4. Tax preferences (the term I like) can have interesting impacts. Right now there are credits for solar panel installation and in some cases this can be done for free under rental agreements. Electricity bills can go down to zero or close to it freeing up more money for spending. Now I know alchemy doesn't work in real life but how is this extra money accounted for.

Scott Sumner writes:

BC and Zeke, Good points.

Zeke, On your final point, the border tax proposal is supposed to make the corporate tax system simpler. I'm not a fan of the idea, but in fairness people that know much more than me do think it's a more efficient system.

But yes, compliance costs are a massive issue, not addressed enough in the debate.

Alan, It's very hard to know how much of an income tax on hedge funds owners gets passed on to consumers. I suspect that you are right in assuming that it's mostly absorbed by the hedge funds. (They also benefit from a tax break that seems unfair to me, based on what I've read.)

Hi Scott! Thank you for this post. As an Enrolled Agent and tax practitioner who signs many hundreds of US business tax returns every year and many hundred more personal income tax returns, might you care to comment on how the woefully understated US 'tax gap' might impact some of your thought processes here?

What I see down in the trenches is a LOT of US$ (Benjamins) being stuffed in mattresses all over the planet as a direct manifestation of the US Federal Reserve inflation biased policies.

Getting US Taxpayers to declare those benjamins as taxable gross receipts and actually pay income taxes is a tough business to be in as there are thousands of unlicensed tax practitioners who have no problem filing the most fraudulent of income tax forms without recompense. IRS enforcement budgets are at all time lows, more and more tax payers and tax practitioners alike are cutting corners and shirking rules spelled out in US Treasury Circular 230 causing IMHO the US 'tax gap' to be profoundly understated.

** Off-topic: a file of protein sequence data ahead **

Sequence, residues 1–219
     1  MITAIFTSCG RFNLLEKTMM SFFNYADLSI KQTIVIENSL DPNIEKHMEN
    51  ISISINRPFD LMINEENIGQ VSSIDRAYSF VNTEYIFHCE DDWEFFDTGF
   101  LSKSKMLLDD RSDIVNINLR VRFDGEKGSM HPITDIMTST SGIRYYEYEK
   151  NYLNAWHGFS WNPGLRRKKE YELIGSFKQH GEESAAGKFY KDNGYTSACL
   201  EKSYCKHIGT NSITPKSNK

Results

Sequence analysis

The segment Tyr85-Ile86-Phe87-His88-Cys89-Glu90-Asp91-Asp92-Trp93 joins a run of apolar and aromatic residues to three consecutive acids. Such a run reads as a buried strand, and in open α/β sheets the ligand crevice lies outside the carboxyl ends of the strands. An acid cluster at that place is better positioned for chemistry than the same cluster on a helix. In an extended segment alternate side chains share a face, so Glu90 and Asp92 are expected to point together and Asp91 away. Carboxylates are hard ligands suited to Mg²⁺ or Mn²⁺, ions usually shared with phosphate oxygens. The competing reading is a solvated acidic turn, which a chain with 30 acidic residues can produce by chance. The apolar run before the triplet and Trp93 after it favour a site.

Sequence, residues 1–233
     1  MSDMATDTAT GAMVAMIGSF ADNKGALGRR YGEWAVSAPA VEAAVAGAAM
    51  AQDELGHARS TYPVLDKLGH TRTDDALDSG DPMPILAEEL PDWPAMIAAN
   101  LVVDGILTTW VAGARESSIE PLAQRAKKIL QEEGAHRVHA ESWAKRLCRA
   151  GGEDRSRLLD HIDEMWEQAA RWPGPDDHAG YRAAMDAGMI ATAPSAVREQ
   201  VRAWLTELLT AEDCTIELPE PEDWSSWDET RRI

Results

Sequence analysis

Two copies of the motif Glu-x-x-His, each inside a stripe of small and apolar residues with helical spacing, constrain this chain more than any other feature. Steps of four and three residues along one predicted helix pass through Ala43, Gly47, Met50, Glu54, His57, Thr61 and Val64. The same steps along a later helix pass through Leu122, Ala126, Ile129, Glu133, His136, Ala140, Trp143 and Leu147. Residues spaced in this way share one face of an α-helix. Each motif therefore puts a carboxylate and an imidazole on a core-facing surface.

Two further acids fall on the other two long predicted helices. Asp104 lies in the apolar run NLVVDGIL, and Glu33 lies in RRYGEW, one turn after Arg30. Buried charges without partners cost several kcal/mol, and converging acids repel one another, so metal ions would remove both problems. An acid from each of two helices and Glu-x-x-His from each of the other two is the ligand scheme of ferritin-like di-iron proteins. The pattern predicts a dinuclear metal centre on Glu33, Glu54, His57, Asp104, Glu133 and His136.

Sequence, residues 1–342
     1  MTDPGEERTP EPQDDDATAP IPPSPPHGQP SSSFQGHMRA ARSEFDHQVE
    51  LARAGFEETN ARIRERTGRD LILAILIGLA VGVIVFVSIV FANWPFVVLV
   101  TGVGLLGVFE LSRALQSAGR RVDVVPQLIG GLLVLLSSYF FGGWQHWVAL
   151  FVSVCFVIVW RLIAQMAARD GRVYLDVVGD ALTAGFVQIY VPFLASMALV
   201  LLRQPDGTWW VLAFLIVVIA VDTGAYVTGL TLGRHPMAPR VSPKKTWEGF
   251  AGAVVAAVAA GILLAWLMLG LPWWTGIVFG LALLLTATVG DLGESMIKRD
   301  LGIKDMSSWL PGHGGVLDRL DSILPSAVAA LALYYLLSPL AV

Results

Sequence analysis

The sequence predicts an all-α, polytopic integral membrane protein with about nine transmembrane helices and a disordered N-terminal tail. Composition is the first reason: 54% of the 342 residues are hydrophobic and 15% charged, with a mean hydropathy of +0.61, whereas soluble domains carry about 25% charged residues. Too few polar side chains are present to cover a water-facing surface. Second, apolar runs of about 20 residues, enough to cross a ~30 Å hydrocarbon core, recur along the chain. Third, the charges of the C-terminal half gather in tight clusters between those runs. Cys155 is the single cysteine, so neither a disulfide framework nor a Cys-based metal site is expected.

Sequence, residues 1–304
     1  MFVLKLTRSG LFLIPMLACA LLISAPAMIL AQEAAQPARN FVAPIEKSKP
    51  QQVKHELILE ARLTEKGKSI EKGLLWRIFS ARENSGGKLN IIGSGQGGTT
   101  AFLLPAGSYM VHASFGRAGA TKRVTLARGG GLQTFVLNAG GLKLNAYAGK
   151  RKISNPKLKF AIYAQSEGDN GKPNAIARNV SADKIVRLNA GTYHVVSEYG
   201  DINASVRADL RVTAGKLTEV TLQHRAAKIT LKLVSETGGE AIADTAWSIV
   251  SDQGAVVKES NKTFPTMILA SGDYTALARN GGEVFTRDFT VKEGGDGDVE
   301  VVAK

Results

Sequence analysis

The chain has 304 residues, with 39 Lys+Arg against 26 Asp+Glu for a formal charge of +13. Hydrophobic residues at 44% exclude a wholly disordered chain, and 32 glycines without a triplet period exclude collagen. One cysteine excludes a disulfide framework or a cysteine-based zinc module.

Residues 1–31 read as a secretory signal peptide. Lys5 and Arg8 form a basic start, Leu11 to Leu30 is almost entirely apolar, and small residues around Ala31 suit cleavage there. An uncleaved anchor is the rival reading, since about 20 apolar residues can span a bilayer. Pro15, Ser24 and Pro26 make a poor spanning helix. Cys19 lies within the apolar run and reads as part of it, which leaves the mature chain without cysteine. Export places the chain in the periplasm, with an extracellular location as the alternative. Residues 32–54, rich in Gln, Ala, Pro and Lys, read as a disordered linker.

With that editorial as back drop, how might the small business owner's lack of tax compliance combined with the IRS' decreased enforcement impact some of your thinking? If government can't collect and small business owners aren't 'willing' to pay the US 'Tax Gap' is destined to simply keep ballooning.

Rob Frances writes:

"...whereas subsidies cost revenue but increase the quantity of what is being subsidized."

I don't think this is a true statement. The government gives billions of dollars of tax subsidies to landlords (interest write-offs and phony depreciation deductions) and we don't get more apartments because of the subsidies; we only get higher asset prices (land and buildings) and higher rents as landlords compete with each other to invest in rental property to capture the tax deductions and tax-free cash flow.

Similarly, I worked on a number of projects to claim R&D credits (tax subsidies) years after the expenses were incurred that the owners of the business didn't even know about. They didn't lower their prices or increase output after finding about this "free money," so the subsides didn't increase output.

Statements like "taxes decrease the quantity produced" or "subsides increase quality produced" seem naive, at best. It seems to imply a mindset of 'Prices = Costs, plus Profit," although I've never seen any company price goods and services this way. It's always, "what's the most I can charge potential customers based on what similar goods and services are being priced?"